The CIA has released documents confirming that it used an alleged deep-sea mining vessel called the Glomar Explorer to raise part of a sunken Soviet submarine from the floor of the Pacific Ocean in 1974.  This is a step forward for the agency, which in the past has refused to confirm or deny its connection to the Glomar Explorer, but agency officials are still declining to say how much the project cost, how much of the sub they recovered, and what, if any, intelligence they gleaned from the project.

The Soviet submarine sank for unknown reasons about 1,500 miles from Hawaii in March 1968, taking its crew and three nuclear missiles to the bottom of the Pacific.  A year and a half later, the CIA established a task force to study the feasibility of harvesting the 1,750-ton vessel from the ocean floor, some 16,500 feet down.  The task force concluded that it needed to build a huge, specially designed ship with winches that could lower a sling beneath the sub and gently hoist it to the surface.  The government hired Howard Hughes’s Summa Corporation to build the Glomar Explorer, which was disguised as a deep-ocean mining ship.

But then a funny thing happened on the way to the mission: the Cold War began to cool down.  As U.S.-Soviet tensions began to ease, some White House advisers ordered a review of the project, “in light of increasing concern that … the developing political climate might prohibit mission approval.” The nation’s top defense officials were uniformly critical of the project.  The Chief of Naval Operations, the assistant secretary of defense for intelligence, the director of the Defense Intelligence Agency, and the chairman of the Joint Chiefs of Staff all judged the program to be dangerously provocative, absurdly expensive, and unlikely to produce much valuable intelligence.  But CIA director Richard Helms convinced President Nixon to ignore his top military advisers and give the green light to the project.

When the Glomar Explorer and its crew reached their target in the northwest Pacific in the summer of 1974, they were immediately detected by the Soviets.  A Soviet Navy ship hovered nearby and launched a helicopter, which buzzed the ship and took photographs from all angles.  “What are you doing here?” the Soviet captain asked the Glomar crew, via radio transmission.  Just a little deep-sea mining, they replied.  The Soviets were not convinced, and sent a salvage tugboat to loiter in the area as the “miners” continued with their task.  The Soviet tug left the area just before the Glomar crew managed to bring something – an “intelligence item,” the CIA called it – to the surface.  The Glomar then steamed to Maui, where a special team trained to handle the “item” boarded the ship.

The story of the recovery operation began to leak in the press in early 1975.  CIA Director William Colby spent days making frantic phone calls to reporters and editors, trying to persuade them to kill the story in the interest of national security.  Most of the press was “splendid,” Colby said, but columnist Jack Anderson refused to listen to Colby’s pleas and broke the story.  (Colby’s campaign to urge the press to censor itself is an interesting case study in media coverage of national security issues, as I’ve written about here.)  Its cover blown, the Glomar was mothballed in the Suisun Bay for two decades, until the government began leasing it for oil drilling.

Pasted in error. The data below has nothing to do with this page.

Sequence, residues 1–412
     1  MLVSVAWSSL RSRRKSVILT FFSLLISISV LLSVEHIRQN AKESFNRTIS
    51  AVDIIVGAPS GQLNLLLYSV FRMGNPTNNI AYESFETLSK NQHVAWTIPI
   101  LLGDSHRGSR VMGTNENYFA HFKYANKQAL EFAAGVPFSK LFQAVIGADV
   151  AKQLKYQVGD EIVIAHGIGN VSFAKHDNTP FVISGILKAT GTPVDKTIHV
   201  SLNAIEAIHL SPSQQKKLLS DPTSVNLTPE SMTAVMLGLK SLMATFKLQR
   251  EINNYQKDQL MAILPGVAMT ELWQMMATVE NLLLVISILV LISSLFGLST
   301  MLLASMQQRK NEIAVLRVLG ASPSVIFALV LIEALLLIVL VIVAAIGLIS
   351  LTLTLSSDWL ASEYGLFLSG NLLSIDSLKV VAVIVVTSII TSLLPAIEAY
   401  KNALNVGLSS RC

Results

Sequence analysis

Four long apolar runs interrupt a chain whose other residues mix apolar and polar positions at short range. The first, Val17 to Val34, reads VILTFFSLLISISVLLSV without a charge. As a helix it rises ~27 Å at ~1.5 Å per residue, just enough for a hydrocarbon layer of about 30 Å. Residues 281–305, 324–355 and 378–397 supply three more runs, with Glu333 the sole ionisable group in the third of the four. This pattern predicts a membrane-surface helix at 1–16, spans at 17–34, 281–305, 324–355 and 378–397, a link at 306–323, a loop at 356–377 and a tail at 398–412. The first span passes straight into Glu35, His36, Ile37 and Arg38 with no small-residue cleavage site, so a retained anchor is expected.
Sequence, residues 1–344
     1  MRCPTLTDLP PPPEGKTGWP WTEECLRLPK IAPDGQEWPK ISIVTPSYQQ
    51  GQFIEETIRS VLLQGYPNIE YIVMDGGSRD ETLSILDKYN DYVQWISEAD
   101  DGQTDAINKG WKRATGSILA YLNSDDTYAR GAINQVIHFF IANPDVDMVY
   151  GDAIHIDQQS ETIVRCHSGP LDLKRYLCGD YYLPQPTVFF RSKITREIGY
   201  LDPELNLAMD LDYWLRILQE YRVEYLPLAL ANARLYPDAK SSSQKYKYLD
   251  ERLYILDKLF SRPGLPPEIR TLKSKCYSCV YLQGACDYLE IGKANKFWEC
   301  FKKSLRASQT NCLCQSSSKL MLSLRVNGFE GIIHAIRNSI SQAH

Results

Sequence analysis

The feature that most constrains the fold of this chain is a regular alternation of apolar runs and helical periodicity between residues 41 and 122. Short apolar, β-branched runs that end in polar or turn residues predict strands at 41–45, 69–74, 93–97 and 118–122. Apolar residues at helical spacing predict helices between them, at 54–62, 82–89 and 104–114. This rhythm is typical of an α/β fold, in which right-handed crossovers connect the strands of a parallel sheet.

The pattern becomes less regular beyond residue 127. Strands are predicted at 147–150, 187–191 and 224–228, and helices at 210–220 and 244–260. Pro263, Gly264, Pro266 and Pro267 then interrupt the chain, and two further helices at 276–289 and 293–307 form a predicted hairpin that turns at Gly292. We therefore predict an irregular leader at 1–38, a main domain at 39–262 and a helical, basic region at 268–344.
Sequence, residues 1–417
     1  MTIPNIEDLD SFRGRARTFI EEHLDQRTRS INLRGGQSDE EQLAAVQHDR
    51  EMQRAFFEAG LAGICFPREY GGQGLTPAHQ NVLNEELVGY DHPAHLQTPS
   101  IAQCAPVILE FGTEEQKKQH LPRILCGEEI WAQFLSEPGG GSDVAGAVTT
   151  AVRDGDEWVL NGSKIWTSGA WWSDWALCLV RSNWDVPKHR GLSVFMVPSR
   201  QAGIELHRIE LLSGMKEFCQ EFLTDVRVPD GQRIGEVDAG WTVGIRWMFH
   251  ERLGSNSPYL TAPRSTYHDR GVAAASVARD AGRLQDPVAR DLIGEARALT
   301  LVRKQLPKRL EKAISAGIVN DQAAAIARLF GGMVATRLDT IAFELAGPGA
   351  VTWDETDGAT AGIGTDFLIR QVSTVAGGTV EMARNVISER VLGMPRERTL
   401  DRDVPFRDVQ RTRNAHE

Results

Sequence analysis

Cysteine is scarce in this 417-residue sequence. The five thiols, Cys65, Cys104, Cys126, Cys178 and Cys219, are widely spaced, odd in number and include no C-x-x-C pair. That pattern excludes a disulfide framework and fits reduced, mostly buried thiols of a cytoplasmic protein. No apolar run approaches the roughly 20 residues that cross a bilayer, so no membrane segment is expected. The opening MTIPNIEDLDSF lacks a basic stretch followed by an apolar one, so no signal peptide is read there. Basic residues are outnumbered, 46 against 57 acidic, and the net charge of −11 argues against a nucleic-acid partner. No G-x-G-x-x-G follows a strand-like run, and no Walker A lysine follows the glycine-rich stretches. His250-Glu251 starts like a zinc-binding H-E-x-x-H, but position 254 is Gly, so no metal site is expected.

Last week, in response to its FOIA request, the National Security Archive received a redacted version of a 1985 CIA account of the operation.  Before releasing the document, CIA censors blacked out everything related to the project’s cost, which is believed to be around $500 million (in 1970s dollars).  Nor does the document disclose anything about what the CIA learned from the “item,” what the item was, or even what agency officials had hoped to learn from the project. Apparently the agency recovered a couple of nuclear torpedoes – there’s mention of dangerous levels of radiation – but we still don’t even know how much of the sub was harvested and whether the haul came close to justifying the phenomenal amount of money spent.  This secrecy is continuing despite the fact that a) the Soviet Union knew about the recovery effort at the time; b) the Soviet Union no longer exists; and c) the Obama administration is supposedly committed to “an unprecedented level of openness in Government.”

The author of the CIA report on the operation insists that it had “intangibly beneficial” effects: “a government or organization too timid to undertake calculable risks in pursuit of a proper objective would not be true to itself or to the people it serves.”  Sure, most of the nation’s top military and defense officials wanted to kill it, but in the end it provided “tangible proof…that the intelligence profession is dynamic and alive.”  In short, it was  needlessly confrontational and a waste of money.  But it’s nice to know that it made our men in the CIA feel good about themselves.